Prefab Fallout

The rise and fall of the Woolaway.

At the end of the second World War, Britain was facing an acute housing shortage;  almost half a million homes were either destroyed or rendered uninhabitable through enemy action, and slums were a problem in many large towns and cities. It was clear that new homes were desperately needed, and fast. Non-traditional methods of construction became much more common, such as pre-cast  concrete (prefab), which made house building quicker and easier than the usual method of bricks and mortar.   click on pictures to view large ….

Here in North Devon innovative building firm Woolaway and Sons were at the forefront of modern building practice and won the contract from the District Council to build brand new social housing at a large site  in Barnstaple and one in Braunton, plus other smaller projects in the vicinity. So the “Woolaway” was born, a house constructed from pre-cast concrete columns filled in with pre-cast reinforced concrete panels and block work gables. The houses and bungalows were constructed quickly and easily with a minimal labourforce, then let to tenants under North Devon District Council’s Housing Scheme. Unlike some prefabs which were intended to last for 20 -30 years, Woolaway homes were designed for a life of at least 60 years. A spurious claim as it turns out.

Getting on for sixty years after their construction, the Woolaway homes in my village are now being demolished. Why? They were always notorious for being damp and difficult to keep warm, there being no cavity wall for insulation, but during the seventies and eighties other problems of a devastating nature started to come to light. Cracks were appearing in walls and the houses were found to have concrete degradation, commonly known as Concrete Cancer.  This comes about when chemical reactions in the prefab panels cause the steel reinforcements to corrode and rust which in turn brings about stress to the concrete, more cracks and water penetration. The houses were found to be unstable and The Housing Defects Act of 1984 stated that the Woolaway System (amongst others) was defective and unsatisfactory, and that unacceptable deterioration of homes had occurred. This was 28 years ago!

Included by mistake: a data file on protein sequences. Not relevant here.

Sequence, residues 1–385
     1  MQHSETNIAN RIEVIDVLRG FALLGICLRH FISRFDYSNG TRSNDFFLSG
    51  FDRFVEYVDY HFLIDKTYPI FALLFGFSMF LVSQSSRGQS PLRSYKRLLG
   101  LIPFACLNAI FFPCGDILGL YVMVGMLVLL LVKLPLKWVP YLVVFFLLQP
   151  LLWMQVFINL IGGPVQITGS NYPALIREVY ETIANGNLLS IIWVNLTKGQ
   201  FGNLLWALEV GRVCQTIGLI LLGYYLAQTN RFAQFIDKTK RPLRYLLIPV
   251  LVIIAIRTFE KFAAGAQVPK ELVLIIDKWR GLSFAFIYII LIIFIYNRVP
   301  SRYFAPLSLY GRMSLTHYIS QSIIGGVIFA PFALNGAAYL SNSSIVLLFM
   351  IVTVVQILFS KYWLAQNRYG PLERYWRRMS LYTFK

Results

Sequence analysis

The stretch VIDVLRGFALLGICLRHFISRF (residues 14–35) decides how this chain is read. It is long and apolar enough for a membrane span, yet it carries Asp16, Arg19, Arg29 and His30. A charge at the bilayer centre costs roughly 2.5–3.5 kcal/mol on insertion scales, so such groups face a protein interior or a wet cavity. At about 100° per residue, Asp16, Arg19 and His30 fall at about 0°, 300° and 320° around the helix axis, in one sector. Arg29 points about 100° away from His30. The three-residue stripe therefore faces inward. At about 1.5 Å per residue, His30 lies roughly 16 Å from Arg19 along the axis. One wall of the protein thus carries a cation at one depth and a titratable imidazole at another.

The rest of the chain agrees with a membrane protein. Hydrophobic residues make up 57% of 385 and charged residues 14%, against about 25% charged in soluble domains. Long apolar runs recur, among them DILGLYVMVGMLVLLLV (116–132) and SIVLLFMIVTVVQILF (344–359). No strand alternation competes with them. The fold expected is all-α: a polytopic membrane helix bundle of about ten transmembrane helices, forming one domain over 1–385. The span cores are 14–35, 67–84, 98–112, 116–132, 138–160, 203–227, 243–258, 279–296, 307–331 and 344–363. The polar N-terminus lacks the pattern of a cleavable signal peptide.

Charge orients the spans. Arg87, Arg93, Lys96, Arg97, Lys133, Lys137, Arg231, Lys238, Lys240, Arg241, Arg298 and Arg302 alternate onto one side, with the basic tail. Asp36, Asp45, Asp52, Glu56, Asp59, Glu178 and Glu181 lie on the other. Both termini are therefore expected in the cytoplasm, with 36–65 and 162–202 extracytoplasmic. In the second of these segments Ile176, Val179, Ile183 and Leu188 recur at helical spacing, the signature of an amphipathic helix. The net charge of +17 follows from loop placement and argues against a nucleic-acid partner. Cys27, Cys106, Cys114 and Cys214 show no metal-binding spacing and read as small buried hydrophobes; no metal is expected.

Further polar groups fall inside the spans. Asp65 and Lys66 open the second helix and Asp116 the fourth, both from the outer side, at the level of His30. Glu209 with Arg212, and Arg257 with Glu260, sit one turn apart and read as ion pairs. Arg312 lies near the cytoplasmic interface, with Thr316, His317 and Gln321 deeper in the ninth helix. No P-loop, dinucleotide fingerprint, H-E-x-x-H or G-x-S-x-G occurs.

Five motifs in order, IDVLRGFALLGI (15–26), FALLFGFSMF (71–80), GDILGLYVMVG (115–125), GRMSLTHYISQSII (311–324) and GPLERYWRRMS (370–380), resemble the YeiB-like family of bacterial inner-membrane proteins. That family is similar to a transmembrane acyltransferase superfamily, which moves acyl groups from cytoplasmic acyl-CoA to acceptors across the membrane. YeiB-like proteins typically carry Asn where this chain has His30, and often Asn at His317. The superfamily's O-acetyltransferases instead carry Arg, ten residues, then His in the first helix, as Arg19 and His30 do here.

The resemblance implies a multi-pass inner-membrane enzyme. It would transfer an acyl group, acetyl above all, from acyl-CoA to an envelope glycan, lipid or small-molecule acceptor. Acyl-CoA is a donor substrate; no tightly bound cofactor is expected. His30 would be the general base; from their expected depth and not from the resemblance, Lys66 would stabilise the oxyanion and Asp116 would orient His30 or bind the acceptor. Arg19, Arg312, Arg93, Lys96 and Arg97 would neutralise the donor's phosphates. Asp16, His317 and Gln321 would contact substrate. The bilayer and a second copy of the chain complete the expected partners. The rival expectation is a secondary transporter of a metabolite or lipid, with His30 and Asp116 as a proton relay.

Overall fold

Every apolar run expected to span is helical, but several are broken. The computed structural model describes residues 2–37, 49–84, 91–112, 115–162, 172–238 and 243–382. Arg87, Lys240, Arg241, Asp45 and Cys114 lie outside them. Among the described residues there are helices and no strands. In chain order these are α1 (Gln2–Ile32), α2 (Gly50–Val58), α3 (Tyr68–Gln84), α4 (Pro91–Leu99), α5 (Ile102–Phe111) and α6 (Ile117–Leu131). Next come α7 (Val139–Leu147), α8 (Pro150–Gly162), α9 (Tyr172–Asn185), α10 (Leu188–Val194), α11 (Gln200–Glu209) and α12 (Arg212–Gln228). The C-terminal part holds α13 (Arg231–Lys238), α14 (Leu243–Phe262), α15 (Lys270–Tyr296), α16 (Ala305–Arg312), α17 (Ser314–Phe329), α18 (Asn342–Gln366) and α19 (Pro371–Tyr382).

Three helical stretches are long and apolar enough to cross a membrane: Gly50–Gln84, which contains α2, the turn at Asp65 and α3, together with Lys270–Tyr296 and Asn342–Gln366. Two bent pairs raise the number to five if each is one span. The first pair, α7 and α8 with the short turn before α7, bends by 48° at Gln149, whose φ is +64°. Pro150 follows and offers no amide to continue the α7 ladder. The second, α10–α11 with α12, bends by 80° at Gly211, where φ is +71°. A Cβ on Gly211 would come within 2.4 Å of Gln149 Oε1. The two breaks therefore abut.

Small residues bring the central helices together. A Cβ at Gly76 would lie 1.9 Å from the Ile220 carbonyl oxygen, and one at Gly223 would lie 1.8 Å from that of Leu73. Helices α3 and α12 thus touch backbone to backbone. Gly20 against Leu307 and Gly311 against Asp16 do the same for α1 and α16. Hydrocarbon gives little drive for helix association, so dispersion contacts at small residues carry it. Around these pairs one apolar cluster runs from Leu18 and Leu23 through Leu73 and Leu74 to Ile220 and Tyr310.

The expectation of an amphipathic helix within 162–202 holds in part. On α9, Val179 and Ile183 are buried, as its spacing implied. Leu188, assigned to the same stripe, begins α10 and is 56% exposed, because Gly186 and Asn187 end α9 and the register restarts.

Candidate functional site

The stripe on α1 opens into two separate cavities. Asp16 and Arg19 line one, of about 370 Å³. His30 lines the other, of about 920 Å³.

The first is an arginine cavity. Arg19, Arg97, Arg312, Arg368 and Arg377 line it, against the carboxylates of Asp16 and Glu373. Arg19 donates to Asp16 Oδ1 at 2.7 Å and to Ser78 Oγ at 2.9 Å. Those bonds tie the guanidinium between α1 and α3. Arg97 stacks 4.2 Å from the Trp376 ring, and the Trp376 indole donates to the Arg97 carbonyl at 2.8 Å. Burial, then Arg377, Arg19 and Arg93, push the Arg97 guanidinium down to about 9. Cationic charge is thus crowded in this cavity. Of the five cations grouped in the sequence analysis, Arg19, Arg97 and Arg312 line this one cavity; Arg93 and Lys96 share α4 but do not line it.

Now, the majority of Woolaway Homes were built for councils and let to rent-paying tenants. The problem was that during the reign of Margaret Thatcher’s Conservative Government in the 1980s council tenants with long-standing tenancies (about ten years) were given the right to buy their homes at greatly reduced prices, providing revenue for the government and leading Britons from all walks of life to believe that they too could be “landed” like the gentry; property ownership was presented as the thing to which we should all aspire and the public was drawn in to the conspiracy. As interest rates soared, thousands were left unable to make their mortgage repayments and lost their homes. Since the government had failed to reinvest the right-to-buy revenue in new social housing a crisis of mammoth proportions ensued. But I digress. Let’s get back to the prefabs…

The Housing Defects Act 1984 forced the councils to undertake repairs on their housing stock that was affected by concrete cancer, but some houses had already been sold to tenants who now found themselves the proud owners of defective housing which they could not sell on unless extensive and costly repairs were undertaken. Lenders were no longer giving mortgages on Woolaway Homes and even insurance policies were difficult to find. In short no-one would touch a prefab with a barge pole.